The primary goals in early clinical development are to establish safety, PK, and pharmacodynamics, and also to provide guidance on a dose range expected to be efficacious, in both single-dose and multiple-dose studies. The dose range for Phase I studies is usually fairly wide because of the uncertainties with respect to interspecies scaling and lack of predictability based on preclinical data. The plasma drug concentration time profiles are used to determine AUC, half-life, Cmsx, tmax, dose-proportionality, and extent of accumulation upon multiple dosing. In the absence of PK data from intravenous dosing, interpretation of PK data from a non-intravenous dosing route must be done carefully to avoid erroneous conclusions.
Two general types of biopharmaceutic studies are often conducted in order to assess the comparability and suitability of products for their intended clinical use. A relative BA study is a relative comparison of two or more formulations with respect to PK properties, normally AUC, Cmax, tmax and half-life. Such BA studies are usually done early in a drug's development cycle before significant experience has been gained in human subjects, normally to assess the relative performance of a new formulation as compared with a reference. For example, a solution dosage form may be used for Phase I studies because of the need for dosing flexibility, but eventually a switch to a solid dosage form is desired. In order to compare the relative exposure from each formulation at a given dose (or range of doses), a two-way crossover BA study could be performed in a small number of subjects and the BA of the test formulation determined relative to the reference formulation. Because of the limited number of subjects used in this type of study, the study tends not to be sufficiently powered to establish statistical equivalence among various formulations but the data can be used to guide development decisions or to support a formulation change in a non-pivotal clinical study. Relative BA studies can also be used to evaluate the effect of an alternate route of administration on the drug's PK profile, evaluate drug product variables (e.g., particle size of the API) on clinical performance or to screen for effects of physiological factors (fed vs. fasted state, gastric pH effects) affecting drug absorption.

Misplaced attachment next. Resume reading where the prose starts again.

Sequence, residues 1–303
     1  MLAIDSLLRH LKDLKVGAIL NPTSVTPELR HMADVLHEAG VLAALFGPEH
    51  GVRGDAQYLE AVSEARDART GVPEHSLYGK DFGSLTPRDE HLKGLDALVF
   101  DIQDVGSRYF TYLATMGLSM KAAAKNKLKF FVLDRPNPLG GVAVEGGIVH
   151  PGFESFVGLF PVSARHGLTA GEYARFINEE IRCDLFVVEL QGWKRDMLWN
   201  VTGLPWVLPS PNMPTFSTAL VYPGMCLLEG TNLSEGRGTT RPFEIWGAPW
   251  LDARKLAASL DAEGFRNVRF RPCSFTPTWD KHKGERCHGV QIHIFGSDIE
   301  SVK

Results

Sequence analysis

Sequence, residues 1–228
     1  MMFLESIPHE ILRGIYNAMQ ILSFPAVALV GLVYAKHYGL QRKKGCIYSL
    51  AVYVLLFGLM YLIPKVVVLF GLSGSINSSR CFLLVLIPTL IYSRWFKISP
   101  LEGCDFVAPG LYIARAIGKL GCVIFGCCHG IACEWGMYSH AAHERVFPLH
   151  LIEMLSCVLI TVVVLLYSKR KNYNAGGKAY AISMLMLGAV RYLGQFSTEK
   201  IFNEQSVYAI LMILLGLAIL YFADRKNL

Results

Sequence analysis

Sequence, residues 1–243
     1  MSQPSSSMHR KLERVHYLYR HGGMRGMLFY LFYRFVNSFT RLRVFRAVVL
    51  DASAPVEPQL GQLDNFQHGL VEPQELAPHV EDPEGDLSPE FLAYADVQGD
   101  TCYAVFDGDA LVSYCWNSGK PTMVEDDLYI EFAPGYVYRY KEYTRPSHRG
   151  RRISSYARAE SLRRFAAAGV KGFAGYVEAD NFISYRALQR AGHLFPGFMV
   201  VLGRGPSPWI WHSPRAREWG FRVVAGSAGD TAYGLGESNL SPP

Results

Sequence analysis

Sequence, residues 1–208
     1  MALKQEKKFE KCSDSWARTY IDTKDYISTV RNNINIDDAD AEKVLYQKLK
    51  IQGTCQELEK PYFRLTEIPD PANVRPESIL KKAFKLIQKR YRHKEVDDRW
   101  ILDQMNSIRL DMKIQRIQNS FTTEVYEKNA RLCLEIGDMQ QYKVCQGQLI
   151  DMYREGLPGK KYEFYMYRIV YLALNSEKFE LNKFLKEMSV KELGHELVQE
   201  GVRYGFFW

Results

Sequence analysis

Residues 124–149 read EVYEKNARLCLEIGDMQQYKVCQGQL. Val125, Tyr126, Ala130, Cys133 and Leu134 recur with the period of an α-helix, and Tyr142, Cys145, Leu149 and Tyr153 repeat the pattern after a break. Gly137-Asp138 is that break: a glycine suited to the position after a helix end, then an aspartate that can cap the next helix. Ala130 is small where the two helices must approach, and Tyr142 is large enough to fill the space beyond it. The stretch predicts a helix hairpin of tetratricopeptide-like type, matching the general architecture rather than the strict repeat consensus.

Another type of study that may be conducted in the course of drug development is an absolute BA study, which is a comparison of AUC of a test formulation to the intravenous route, which is considered to have a BA of 100%. These types of studies are extremely valuable yet not always done because of limitations related to feasibility of developing an intravenous formulation for a highly insoluble drug substance.
A bioequivalence study, on the other hand, is a distinct type of BA study with the objective of assessing statistical equivalence among different treatment groups. These studies are typically done at or before a stage of development in which the clinical data will be generated to establish the efficacy of the drug. The criteria for establishing bioequivalence are much more strict than with a relative BA study and include a statistical assessment of PK parameters including AUC, Cmax, tmax, and half-life. The number of subjects required for this type of study is higher than that required for a relative BA study. The actual number for any individual drug candidate is dependent on the desired statistical power as well as the variance of the measures (e.g., AUC). For example, a drug with a large degree of variability in AUC would require more subjects to establish bioequivalence than a drug with less variability, and a desire for a higher degree of statistical confidence in the results (power of the study) would also require inclusion of a greater number of subjects. Bioequivalence studies may be conducted to switch a formulation during a Phase III clinical study, to establish equivalence of a generic product to the respective branded product, or to support manufacturing changes postapproval (FDA, 1995; FDA, 2000). The reader is referred to Chapter 8.